Psychology: Learning Theory



Learning theorists believe at birth, humans are equipped with minimum instincts but have a great potential to learn. They also believe the human behaviour is attained in childhood and in adolescence. Through controlling the ways in which humans learn behaviour, society can largely impact and alter their ultimate personalities.

Learning theory contains a broad range of learning methods. These include operant conditioning, classical conditioning, and observational learning.

B.F Skinner experimented on the learning capabilities of Animals. Pigeons and rats were trained to do a particular action, such as pressing a bar in a complicated sequence in order to gain a reward. In a different scenario, detention is given to a student if she or he does not complete the homework. The consequences will encourage students to practice the habit of completing tasks on time. This is done in hopes of preparing them for real-world situations, where harsher consequences will be issued if the desired expectations are not met. Learning through receiving rewards and punishments is called operant conditioning.

Ivan Povlov experimented on dogs specifically and and discovered stimulus learning. At the sound of a bell, the dog would unconsciously salivate as it awaits its food. This is known as classical conditioning. If the subject is correctly stimulated it will give the appropriate response.

Albert Bandura composed an experiment he made in which school children observed people punching a Bobo clown doll, and another group of young children were shown people petting the clown. Later, the children were left isolated in a room with Bobo and they were monitored through a one-way glass. Their behaviour resembled what they had been shown. This is called observational learning, when viewing social situations and what happens to those people. Bandura proposed that when humans observe behaviour, whether acceptable or unacceptable, they are more inclined to practice it.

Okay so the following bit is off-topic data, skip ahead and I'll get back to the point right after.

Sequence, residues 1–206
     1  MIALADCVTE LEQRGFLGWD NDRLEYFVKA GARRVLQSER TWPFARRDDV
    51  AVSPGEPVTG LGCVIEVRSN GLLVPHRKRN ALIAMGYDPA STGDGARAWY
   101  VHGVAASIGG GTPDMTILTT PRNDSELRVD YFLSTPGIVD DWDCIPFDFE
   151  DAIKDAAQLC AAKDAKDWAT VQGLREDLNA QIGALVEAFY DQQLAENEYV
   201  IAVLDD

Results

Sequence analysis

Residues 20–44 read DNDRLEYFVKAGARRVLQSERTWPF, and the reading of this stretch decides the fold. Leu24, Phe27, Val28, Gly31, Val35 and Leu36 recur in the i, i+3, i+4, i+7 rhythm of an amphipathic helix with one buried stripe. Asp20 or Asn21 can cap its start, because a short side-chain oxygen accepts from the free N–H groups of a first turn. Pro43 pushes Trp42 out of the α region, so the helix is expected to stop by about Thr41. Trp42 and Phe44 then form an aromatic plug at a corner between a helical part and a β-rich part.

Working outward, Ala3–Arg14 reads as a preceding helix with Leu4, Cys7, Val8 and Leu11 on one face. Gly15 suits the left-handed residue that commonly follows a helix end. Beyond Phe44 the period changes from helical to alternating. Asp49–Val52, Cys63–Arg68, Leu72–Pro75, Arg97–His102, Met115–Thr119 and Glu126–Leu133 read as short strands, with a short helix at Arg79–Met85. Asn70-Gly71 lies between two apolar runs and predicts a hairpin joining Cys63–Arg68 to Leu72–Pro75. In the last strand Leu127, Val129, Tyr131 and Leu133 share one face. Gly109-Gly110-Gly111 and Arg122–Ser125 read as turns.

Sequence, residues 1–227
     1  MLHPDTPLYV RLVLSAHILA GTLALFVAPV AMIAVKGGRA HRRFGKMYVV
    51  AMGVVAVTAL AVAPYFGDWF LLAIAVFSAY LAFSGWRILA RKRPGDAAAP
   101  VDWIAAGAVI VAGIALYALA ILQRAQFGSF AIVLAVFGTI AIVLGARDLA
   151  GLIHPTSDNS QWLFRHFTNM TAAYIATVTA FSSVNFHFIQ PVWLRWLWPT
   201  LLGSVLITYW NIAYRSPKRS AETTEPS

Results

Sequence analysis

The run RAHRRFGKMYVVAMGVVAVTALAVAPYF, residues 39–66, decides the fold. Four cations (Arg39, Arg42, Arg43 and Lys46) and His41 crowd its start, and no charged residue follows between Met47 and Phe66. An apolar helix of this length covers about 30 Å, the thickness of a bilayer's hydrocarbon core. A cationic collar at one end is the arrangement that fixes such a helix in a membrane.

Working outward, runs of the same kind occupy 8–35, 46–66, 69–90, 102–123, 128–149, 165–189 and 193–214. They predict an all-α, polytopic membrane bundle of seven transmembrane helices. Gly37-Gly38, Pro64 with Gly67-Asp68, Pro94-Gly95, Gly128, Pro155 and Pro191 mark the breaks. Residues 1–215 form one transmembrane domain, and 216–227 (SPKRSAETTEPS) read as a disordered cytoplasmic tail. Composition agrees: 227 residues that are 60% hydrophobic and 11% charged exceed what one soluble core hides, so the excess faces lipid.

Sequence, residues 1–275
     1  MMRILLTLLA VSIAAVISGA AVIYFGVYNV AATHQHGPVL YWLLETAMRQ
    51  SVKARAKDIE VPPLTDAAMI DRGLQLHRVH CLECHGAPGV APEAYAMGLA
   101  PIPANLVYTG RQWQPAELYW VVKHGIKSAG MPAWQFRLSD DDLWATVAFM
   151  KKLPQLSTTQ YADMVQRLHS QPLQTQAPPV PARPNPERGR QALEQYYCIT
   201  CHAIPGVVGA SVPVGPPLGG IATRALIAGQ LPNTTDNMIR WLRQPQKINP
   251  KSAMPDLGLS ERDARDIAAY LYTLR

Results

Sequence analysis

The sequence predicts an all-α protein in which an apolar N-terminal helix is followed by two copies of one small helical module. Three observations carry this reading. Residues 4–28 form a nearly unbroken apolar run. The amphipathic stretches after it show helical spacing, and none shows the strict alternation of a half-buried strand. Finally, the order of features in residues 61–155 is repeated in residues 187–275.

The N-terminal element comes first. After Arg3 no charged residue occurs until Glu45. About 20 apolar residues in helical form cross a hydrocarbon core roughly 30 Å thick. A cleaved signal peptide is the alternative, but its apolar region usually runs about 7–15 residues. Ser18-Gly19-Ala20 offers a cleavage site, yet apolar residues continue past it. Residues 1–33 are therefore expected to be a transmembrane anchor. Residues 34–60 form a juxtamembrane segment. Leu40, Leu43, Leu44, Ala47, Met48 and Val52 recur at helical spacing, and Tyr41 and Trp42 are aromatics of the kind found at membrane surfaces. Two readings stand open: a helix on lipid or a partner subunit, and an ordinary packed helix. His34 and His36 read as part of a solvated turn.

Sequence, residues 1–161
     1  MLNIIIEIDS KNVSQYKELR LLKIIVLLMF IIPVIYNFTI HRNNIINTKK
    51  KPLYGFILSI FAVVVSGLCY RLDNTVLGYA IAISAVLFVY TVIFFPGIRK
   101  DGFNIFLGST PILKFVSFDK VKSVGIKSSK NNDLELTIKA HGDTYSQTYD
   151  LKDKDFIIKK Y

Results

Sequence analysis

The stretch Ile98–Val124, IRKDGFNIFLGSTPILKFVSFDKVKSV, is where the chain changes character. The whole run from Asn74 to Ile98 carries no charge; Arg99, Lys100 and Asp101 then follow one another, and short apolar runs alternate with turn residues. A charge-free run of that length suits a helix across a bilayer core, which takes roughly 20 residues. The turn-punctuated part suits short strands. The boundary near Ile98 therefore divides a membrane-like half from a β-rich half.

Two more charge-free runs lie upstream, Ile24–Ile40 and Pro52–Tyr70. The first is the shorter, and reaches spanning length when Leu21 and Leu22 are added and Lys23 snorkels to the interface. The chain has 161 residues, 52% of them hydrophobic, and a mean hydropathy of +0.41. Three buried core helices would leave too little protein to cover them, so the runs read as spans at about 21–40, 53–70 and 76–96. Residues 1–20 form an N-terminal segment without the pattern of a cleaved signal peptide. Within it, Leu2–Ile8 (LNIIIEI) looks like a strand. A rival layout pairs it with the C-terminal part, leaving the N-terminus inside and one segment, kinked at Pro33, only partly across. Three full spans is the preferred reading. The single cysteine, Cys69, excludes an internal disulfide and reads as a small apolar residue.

"Learning would be exceedingly laborious, not to mention hazardous, if people had to rely solely on the effects of their own actions to inform them what to do. Fortunately, most human behavior is learned observationally through modeling: from observing others one forms an idea of how new behaviors are performed, and on later occasions this coded information serves as a guide for action."
-Albert Bandura, Social Learning Theory, 1977

Bandura's observational learning method includes three models:

  1. A live model, which contains a person demonstrating or acting out a behavior.
  2. A verbal instructional model, which contains descriptions and explanations of a behavior.
  3. A symbolic model, which contains real or fictional characters displaying behaviors in media, such as in television programs, films, and magazines.

Key Terms:

Stimulus-response: to learn through if the subject is correctly stimulated it will give the appropriate response. Past experiences may be linked to current human behaviours. For example, the upbringing of a criminal may contrast the upbringing of a lawyer. Also known as classical conditioning.

Operant Conditioning: to learn through receiving rewards and punishments.

Observational learning: to learn through viewing social situations and what occurs to those people.

Main Philosophy

  • By controlling the way in which humans learn behaviour, society can have a great influence on their ultimate personalities.


Type of Questions Asked:

  • What mechanisms do humans use to learn proper behaviour?
  • Are Animal experiments a true predictor of human behaviour?

Known Practitioners

Ivan Pavlov(1849-1936)
B.F Skinner(1904-90)
Albert Bandura(b. 1925)

Time Period:

1880's to present